"Radio Flyer"

The Giant Buffalo of Rick Lazzarini's Character Shop

Lazzarini and the crane-mounted animatronic Buffalo.

Together with his effects company, The Character Shop, creature creator Rick Lazzarini was responsible for breathing life into the eight-foot buffalo in Columbia Pictures RADIO FLYER, Lazzarini, whose previous credits include HOOK, EXORCIST III and BATMAN, had originally been chosen to create all of the film's makeup and creature effects. Zombies and a five-armed worm man were among a variety of creatures built by Lazzarini, but eliminated from the project when writer/director David Mickey Evans was replaced as director by Richard Donner. Instead, monster maker Kevin Yagher, who had worked with Donner on TALES FROM THE CRYPT, was brought in to create a fleetingly glimpsed giant turtle and a bigfoot creature.

The 8-foot-tall buffalo before final fur application.

"Originally the buffalo was going to be 12-14 feet high," recalled Lazzarini. "But I warned [the producers] that this would be bigger than their set. We designed the creature so that it could be mounted onto a camera crane from above or from either side. This way the crane would be hidden by the bulk of the animal. Alternatively, it could be mounted onto a stand so that the poles which supported it should be chest high. If you wanted to shoot above that, you wouldn't see the stand."

To prepare for the scene, Lazzarini and his crew carried out extensive research on real buffalo, videotaping the animals' habits. "Our buffalo was at least one and one-half times larger than the biggest buffalo that you would encounter." said Lazzarini, who covered the giant animatronic replica with the hides of real buffalo.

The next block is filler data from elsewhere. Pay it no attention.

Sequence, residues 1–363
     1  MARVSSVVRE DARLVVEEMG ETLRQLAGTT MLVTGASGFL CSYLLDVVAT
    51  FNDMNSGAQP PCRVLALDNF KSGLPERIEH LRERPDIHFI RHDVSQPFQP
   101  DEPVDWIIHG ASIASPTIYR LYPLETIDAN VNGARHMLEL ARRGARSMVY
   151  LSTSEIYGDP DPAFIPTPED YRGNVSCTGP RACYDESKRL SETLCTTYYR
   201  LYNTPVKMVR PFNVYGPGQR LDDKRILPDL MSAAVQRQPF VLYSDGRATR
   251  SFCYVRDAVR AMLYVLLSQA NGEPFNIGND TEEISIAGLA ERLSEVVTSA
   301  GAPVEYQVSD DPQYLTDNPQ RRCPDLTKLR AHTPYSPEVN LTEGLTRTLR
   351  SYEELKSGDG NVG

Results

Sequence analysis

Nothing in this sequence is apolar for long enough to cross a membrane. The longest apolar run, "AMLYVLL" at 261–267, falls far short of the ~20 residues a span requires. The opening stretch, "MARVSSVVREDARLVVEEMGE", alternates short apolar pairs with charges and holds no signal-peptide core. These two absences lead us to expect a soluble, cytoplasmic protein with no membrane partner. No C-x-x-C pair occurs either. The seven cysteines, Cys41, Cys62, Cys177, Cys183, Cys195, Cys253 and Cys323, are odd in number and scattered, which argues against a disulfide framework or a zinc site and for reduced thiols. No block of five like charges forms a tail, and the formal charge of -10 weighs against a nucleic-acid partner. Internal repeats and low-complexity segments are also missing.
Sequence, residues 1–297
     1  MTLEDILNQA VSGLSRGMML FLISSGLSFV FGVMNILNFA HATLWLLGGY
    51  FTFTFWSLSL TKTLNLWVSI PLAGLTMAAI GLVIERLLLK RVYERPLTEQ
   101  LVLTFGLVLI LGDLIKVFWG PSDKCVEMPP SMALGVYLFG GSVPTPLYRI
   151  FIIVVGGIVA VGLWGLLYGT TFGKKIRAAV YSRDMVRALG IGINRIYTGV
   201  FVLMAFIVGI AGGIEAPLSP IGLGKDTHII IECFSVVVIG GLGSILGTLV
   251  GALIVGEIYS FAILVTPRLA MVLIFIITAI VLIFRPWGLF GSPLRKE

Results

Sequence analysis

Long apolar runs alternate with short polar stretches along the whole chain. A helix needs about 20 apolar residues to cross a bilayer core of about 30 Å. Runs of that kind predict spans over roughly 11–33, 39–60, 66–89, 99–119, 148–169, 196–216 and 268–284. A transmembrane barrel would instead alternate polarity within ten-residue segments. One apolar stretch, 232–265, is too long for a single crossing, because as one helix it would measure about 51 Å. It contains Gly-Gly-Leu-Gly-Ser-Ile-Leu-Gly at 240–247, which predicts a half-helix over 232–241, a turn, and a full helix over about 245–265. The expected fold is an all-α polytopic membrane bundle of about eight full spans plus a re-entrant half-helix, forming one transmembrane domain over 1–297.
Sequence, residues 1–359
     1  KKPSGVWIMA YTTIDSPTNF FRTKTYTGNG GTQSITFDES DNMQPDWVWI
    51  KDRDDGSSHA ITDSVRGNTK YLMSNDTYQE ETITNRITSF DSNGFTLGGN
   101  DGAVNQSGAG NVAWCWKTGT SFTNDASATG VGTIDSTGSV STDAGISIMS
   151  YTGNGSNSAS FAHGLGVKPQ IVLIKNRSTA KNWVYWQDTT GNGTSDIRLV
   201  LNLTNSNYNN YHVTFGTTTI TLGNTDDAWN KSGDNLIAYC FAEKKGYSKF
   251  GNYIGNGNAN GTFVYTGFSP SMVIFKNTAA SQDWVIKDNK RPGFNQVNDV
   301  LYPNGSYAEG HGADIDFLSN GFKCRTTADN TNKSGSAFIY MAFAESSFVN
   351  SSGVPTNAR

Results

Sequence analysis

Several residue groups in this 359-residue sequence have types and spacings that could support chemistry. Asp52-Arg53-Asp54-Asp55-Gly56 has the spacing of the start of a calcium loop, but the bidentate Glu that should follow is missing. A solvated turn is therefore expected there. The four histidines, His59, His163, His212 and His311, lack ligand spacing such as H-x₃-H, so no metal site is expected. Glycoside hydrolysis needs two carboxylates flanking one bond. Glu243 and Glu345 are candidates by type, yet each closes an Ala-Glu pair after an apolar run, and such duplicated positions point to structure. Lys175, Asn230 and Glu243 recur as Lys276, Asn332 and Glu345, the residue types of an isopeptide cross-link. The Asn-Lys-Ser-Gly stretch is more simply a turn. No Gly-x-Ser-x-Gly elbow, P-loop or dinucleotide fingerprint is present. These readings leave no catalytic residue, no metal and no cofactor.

Above: Mounting the creature on a Chapman crane for a test drive at the [Canoga Park]-based Character Shop.


The buffalo's flapping ears were achieved through the use of air cylinders. Powerful linear actuators, air pressured hydraulic cylinders, enabled the creature to move its head up, down and from side to side. Electronically operated servo motors and a special vacuum pick-up system allowed the buffalo's jaw to move up. down and from side to side, to eat marshmallows served by the boys. Servos also controlled eye, brow and snout movements and activated the creature's two front legs. Leg movement was accomplished with the use of a Lazzarini-devised Waldo system, worn by an off-screen performer. The creature's back legs were operated by puppeteers using rods, Waldos were also used for head and facial movements.

For the scene where the buffalo pushes his head through the kids' bedroom window, we had our creature on a rolling stand." explained Lazzarini. "While some grips pushed the bulk of the buffalo's remaining body towards the window. I was controlling the head with a Waldo. All the time I was making sure that there was an inch clear on either side of the horn, to enable the buffalo's head to easily fit through the opening." Lazzarini designed the lightweight head with a ribbed parallelogram understructure for fluid, realistic neck movement, covered in soft polyfoam.


Copyright CINEFANTASTIQUE, 1991.

Photographs by The Character Shop. 


What's New | Features | Commercials | Resume | Realistic | Whimsical | Scary | Animatronics | Prosthetics | Puppets | Waldo ® | Publicity | TCS Fun | FX FAQ | Reference | Contact Us

Except where noted, all contents are the property of The Character Shop, Inc. and copyright 1995-2006
Photographs and text may only be re-published with written permission. All rights reserved.